Study: Socks with sensors could help continuously monitor diabetic neuropathy

Sensors connected via Bluetooth to a smartphone app can provide users frequent reports on their foot's temperature.
By Laura Lovett
12:14 pm

A pair of washable and reuseable socks with a special sensor could be key to continuously monitoring foot temperature in patients with diabetic neuropathy, according to a study in JMIR sponsored by Siren, maker of the socks. Researchers found that the socks were able to report temperature within 0.2 degrees Celcius of the reference standard, and that patients found the technology useable. 

“The temperature studies conducted show that the sensors used in the socks are reliable and accurate at detecting temperature and the findings matched clinical observations,” the researchers of the study wrote. “Continuous temperature monitoring is a promising approach as an early warning system for foot ulcers, Charcot foot, and reulceration.”

Topline data

At the end of the study, patients were given a survey about their opinions on the socks. Overall, patients reported the socks to be helpful and easy to use. Using a one-to-five-point scale, patients were asked how likely they were use the socks on a daily basis, to which the median score was four. 

The median score was a four out of five when patients were asked if the app gave them useful information about their feet, and if the app was easy to use. 

As for the sensors, researchers found that they were able to report temperature within 0.2 degree Celcius of the reference standard.

“The temperature studies presented here show that the sensors used in the socks are reliable and accurate at detecting temperature,” researchers wrote. 

How it was done

Participants were given smart socks, which are made of microsensors-laden textiles. These sensors were designed to take temperature measurements at 10-second intervals. The sensors took the foot temperature at the hallux, mid-foot and heel. 

According to the study, all of the data could be sent via Bluetooth to a phone app that could display the temperature. 

The study included a total of 35 participants with diabetic peripheral neuropathy (DPN) who were over the age of 18. Researchers categorized yhese patients into three groups: the first had DPN but no history of ulcers, the second had DPN and a history of ulcers and the last group had DPN and currently had ulcers.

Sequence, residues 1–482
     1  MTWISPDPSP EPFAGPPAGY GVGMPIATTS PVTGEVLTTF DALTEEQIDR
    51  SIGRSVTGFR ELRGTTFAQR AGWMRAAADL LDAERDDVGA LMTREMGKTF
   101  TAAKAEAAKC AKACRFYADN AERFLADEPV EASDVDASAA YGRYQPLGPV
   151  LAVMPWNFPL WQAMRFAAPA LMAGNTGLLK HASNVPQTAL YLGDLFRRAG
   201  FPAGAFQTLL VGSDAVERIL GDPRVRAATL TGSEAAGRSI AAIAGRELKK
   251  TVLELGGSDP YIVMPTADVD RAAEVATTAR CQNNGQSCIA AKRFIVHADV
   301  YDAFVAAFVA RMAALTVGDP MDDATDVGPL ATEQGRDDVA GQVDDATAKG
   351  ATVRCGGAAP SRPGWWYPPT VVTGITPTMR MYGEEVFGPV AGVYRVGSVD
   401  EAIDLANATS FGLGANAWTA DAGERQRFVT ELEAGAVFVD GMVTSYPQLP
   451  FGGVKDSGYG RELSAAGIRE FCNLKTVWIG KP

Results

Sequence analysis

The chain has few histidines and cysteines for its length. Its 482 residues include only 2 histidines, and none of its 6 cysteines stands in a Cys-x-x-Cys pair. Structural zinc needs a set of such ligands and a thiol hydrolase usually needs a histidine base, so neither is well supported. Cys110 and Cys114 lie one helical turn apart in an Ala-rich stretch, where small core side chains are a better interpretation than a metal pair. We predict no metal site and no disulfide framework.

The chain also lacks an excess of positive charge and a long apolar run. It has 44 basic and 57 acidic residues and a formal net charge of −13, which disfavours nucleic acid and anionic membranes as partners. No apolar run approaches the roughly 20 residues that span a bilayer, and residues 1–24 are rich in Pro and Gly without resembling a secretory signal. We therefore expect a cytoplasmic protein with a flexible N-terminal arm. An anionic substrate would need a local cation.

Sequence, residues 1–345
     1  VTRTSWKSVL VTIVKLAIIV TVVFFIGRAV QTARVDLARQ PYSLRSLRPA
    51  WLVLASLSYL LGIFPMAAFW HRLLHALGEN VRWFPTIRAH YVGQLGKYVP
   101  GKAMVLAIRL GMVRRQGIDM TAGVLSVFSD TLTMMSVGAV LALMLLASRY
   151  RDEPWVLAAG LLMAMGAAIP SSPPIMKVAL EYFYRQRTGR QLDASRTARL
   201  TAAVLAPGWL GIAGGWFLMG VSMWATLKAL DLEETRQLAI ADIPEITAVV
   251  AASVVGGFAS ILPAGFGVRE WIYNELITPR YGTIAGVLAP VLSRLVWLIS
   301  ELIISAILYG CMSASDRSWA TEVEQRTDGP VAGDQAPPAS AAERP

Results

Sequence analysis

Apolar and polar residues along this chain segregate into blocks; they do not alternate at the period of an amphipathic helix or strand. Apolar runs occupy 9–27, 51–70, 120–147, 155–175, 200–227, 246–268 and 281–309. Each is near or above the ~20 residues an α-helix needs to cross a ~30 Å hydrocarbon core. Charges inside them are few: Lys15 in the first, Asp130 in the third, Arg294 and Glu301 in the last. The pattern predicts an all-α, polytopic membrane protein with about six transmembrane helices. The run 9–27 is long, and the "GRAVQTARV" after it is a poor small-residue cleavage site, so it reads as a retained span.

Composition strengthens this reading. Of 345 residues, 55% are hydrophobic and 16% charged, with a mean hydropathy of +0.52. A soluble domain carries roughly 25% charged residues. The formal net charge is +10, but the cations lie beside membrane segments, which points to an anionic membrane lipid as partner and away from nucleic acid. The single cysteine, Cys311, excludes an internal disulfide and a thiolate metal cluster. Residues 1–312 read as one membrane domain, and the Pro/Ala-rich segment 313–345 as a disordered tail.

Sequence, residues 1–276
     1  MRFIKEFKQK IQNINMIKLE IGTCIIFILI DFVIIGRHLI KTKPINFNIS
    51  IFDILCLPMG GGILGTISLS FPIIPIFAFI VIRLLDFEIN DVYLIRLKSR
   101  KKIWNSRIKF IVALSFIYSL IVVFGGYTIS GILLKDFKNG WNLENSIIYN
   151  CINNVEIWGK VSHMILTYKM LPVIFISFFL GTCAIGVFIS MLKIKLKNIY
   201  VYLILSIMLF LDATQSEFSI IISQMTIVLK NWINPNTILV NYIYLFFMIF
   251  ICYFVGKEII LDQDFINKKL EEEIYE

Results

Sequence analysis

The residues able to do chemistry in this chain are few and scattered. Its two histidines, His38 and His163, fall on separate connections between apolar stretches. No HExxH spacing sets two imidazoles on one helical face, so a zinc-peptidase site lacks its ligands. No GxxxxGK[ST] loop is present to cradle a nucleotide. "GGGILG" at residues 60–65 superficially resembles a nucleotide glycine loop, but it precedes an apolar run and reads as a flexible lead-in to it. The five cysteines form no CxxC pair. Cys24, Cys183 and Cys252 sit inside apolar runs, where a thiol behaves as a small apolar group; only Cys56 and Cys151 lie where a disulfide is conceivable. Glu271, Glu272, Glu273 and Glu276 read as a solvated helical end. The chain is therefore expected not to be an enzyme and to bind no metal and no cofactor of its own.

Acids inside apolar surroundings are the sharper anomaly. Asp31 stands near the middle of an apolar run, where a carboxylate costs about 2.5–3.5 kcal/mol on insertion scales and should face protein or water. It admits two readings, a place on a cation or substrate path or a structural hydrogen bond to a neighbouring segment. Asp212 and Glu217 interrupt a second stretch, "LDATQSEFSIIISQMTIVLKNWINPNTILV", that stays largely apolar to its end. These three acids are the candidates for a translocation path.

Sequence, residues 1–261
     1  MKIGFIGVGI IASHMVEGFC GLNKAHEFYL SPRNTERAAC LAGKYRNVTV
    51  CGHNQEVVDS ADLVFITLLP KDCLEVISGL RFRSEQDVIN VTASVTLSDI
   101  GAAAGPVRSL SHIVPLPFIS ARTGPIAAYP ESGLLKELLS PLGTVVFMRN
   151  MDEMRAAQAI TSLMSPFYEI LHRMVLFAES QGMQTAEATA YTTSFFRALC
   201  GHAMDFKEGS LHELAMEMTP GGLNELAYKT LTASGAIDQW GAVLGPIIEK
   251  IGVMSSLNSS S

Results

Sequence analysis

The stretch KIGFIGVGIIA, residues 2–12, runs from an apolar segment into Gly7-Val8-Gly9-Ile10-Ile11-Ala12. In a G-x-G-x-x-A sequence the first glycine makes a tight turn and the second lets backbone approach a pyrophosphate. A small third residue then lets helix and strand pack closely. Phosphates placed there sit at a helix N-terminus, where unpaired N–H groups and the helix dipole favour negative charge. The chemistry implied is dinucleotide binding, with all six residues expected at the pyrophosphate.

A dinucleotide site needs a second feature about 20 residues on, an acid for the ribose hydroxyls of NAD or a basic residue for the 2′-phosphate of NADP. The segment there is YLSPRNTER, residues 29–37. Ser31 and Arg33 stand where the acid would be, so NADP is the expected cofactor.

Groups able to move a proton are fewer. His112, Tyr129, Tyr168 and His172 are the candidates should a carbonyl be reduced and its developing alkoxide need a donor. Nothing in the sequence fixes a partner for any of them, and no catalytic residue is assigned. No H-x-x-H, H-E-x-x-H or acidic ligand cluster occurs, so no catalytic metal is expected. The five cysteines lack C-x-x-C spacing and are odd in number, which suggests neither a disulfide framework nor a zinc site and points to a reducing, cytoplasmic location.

After going in for a physical exam, where a podiatrist examined each person's food and took photography of the foot, patients were given a pair of socks and told to wear them for six hours a day for seven days. 

Patients were given a feedback questionnaire on different aspects of the socks including design, fitness and usability. 

The sensors were tested differently. Researchers tested “36 stand-alone sensors in a high-precision thermostatic water for 10 seconds in 10 seconds at four temperatures” for a reference standard. The sensors that were embedded in the socks were then similarly tested in the thermostatic water bath for ten seconds. Researchers examined and compared the temperatures of these two tests, and also noted the range of temperatures the socks could measure. 

What's the history

Diabetic foot ulcers impact 25 percent of individuals with diabetes, according to a 2005 study. The condition can lead to sepsis and in some case amputation. Researchers also noted the financial impact of condition, which can lead to emergency room visits and surgical amputations. 

Researchers have alluded to the socks being a way to catch certain conditions before it becomes too late. 

“Combined with a mobile app, this wearable device informs the wearer about temperature increases in one foot relative to the other, to facilitate early detection of ulcers and timely intervention,” the authors of the study wrote. 

On the record 

“The sensor-embedded socks introduced here contain microsensors embedded directly and seamlessly into the fabric and are designed to look and feel like any other garment. Particularly important for daily and home use, the socks are wireless,” researchers wrote. “Wireless transmission of data is achieved via Bluetooth technology. Through the mobile app, wearers can view the current temperature as measured at six points on the user’s foot. While the app was not set up to generate alerts in this study, users can receive a notification, alert, or text message when a temperature increase is detected between contralateral positions.”


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